Review of the Sharp MD-MS722 (for 702 owners)

Jake Eu ([email protected])
4 Nov 1998

After struggling with a 702 that had the common UTOC error problem, I decided to get a 722 from Japan. For those of you too lazy to read the rest of this article:

The 722 is a good machine but is really only a marginal upgrade of the 702. So if you're in the market for a new recorder or your 702 has the UTOC problem then the 722 is a good choice, otherwise don't bother.

My first impression of the 722 was that it is ugly. The main unit, remote and the rainbow coloured handstrap all seem to have spent a lot less time in the design department than the 702. However, with the exception of the handstrap the 722's design does grow on you with its 'Mecha' inspiration (if you don't know what I'm talking about, type ROBOTECH into any www search engine). Also, the handstrap can be easily remedied with a black permanent marker. On the subject of the 722's appearance, despite the propaganda, the 722 is NOT smaller than the 702. This is because the face plate of the 722 sticks out a lot further than the 702 and thus cancels out the fact that the battery bulge has gone from the back.

After getting over the unit's ugliness, obviously the next thing I did was stick in one of my favourite MDs and crank up the volume. The sound difference between the 702 and 722 is phenomenal, but can be easily explained. All the difference in the 722's sound comes from a much stronger bass while the top and middle ends sound the same. The major reason for the improved bass is the new standard earphones that Sharp supplies with the unit whilst the other reason is that Sharp has increased the bass settings in the unit's EPROM. This can be done by 702 owners through the service mode but I wouldn't recommend it with the 702's standard earphones.

After a bit of use I realized that the 722 is almost exactly the same as the 702. With the exception of the new jog-ring, all the controls on the unit are the same but just in different locations. I'm sure that the majority of the 722's internal components are the same as the 702's. Sharp claims that the new layout of the 722's controls makes it easier to use than the 702 and easier to title MDs with. My opinion is that the new unit is no easier to use and the jog-ring is not particularly useful except for selecting tracks. My tip is to actually use the remote control to title MDs, which can be done with only one hand.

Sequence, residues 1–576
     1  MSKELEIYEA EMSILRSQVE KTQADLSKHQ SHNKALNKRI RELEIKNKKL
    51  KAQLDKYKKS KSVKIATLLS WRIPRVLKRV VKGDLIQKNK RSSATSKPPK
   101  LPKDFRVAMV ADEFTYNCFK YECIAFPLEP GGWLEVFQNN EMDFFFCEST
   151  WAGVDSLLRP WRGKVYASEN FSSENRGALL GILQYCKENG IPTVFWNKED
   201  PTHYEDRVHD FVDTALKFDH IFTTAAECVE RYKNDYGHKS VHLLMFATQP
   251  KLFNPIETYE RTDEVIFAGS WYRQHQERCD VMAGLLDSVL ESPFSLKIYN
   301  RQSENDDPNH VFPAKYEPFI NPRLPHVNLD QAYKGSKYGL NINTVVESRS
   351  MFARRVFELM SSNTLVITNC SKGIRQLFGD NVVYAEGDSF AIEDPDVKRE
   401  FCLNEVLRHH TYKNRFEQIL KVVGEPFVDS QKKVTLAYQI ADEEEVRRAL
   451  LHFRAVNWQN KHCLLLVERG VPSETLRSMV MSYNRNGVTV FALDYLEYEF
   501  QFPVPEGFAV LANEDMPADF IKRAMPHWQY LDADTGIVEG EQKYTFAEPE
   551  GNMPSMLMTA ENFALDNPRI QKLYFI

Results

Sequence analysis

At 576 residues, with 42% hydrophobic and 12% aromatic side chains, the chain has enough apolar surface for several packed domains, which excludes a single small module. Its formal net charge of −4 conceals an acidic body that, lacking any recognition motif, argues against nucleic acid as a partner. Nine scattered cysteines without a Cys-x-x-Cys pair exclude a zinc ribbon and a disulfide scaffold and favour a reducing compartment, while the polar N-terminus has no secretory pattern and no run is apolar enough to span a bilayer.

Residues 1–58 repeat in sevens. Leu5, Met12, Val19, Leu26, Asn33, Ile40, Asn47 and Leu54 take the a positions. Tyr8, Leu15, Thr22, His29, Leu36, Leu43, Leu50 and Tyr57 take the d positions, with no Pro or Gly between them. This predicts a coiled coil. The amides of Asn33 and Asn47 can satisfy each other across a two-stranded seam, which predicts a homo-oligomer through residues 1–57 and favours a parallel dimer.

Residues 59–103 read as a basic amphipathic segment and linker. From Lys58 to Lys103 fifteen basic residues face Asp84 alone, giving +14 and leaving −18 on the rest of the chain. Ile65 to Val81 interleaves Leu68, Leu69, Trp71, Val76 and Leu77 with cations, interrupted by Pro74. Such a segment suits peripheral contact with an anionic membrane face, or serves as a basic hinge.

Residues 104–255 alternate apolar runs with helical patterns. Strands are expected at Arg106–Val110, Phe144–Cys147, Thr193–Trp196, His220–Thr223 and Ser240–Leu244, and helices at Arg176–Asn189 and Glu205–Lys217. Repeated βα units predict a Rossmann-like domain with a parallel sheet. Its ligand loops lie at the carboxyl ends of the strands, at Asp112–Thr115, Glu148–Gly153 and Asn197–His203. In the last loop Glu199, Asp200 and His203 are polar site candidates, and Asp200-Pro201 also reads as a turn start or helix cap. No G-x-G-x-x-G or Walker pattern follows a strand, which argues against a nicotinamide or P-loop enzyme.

Even though the new remote control makes titling MDs easier and features a clock, I don't think it is really a great improvement over the old one. First of all it is quite easy to accidentally press more than one button when you're on the move and secondly, the new clock is completely built into the remote. Therefore it can't be used to control any real functions such as playing at a set time or time stamping a recording. The good point about the clock being separate to the unit is that it allows 702 users to upgrade to the new remote if they REALLY want a clock or (more likely) break their old remote.

In addition to the remote, 702 users can also upgrade to the 722's longer life battery (600mAh vs 800mAh) which can be used and recharged in the 702. For those who are interested, this is because most Li-ion batteries have built-in control circuits. With the 702 and old 600mAh battery I usually had to change the battery during a full work day but 722's battery will usually last until the end of the day.

Another significant improvement over the 702 is that the 722 has a lot longer shock protection and will happily play in my backpack during downhill rides on my mountainbike.

The last two (very small) differences from the 702 are that the 722 will TOC read a bit faster when you put in a disc and you can set the EL light to stay on when the unit is attached to the charger. Having faster TOC reading is quite useful for when you hear a good song on the radio that you want to record but being able to set the EL light permanently on does give me some concerns about it burning out.

In summary the 722 is simply a 702 with a new coat and a few improved features. Anyone who has a relatively recent portable shouldn't consider upgrading but for anyone who is looking to get a new portable or has a 702 with the UTOC problem then the 722 is well worth considering. I would however strongly advise 702 owners to upgrade to the new battery (after all, you'll always need a spare battery).


I asked Jake how he knew the two machines were so similar, and he replied: In writing the article I sat down with both machines for about two hours, having a good play around with them. I also opened up the 722 and a lot of the internals looked very similar to the 702's (I've opened up the 702 numerous times in an attempt to fix the UTOC problem). Furthermore, features that existed on the 702 but are undocumeted on the 722 (such as the mode and bass buttons doubling as insert and delete buttons) still work on the 722. But the best proof I have is that when you enter the test mode the EEPROM version number is 702AfJ, which is the same as the 702. Furthermore most of the EEPROM settings are the same.

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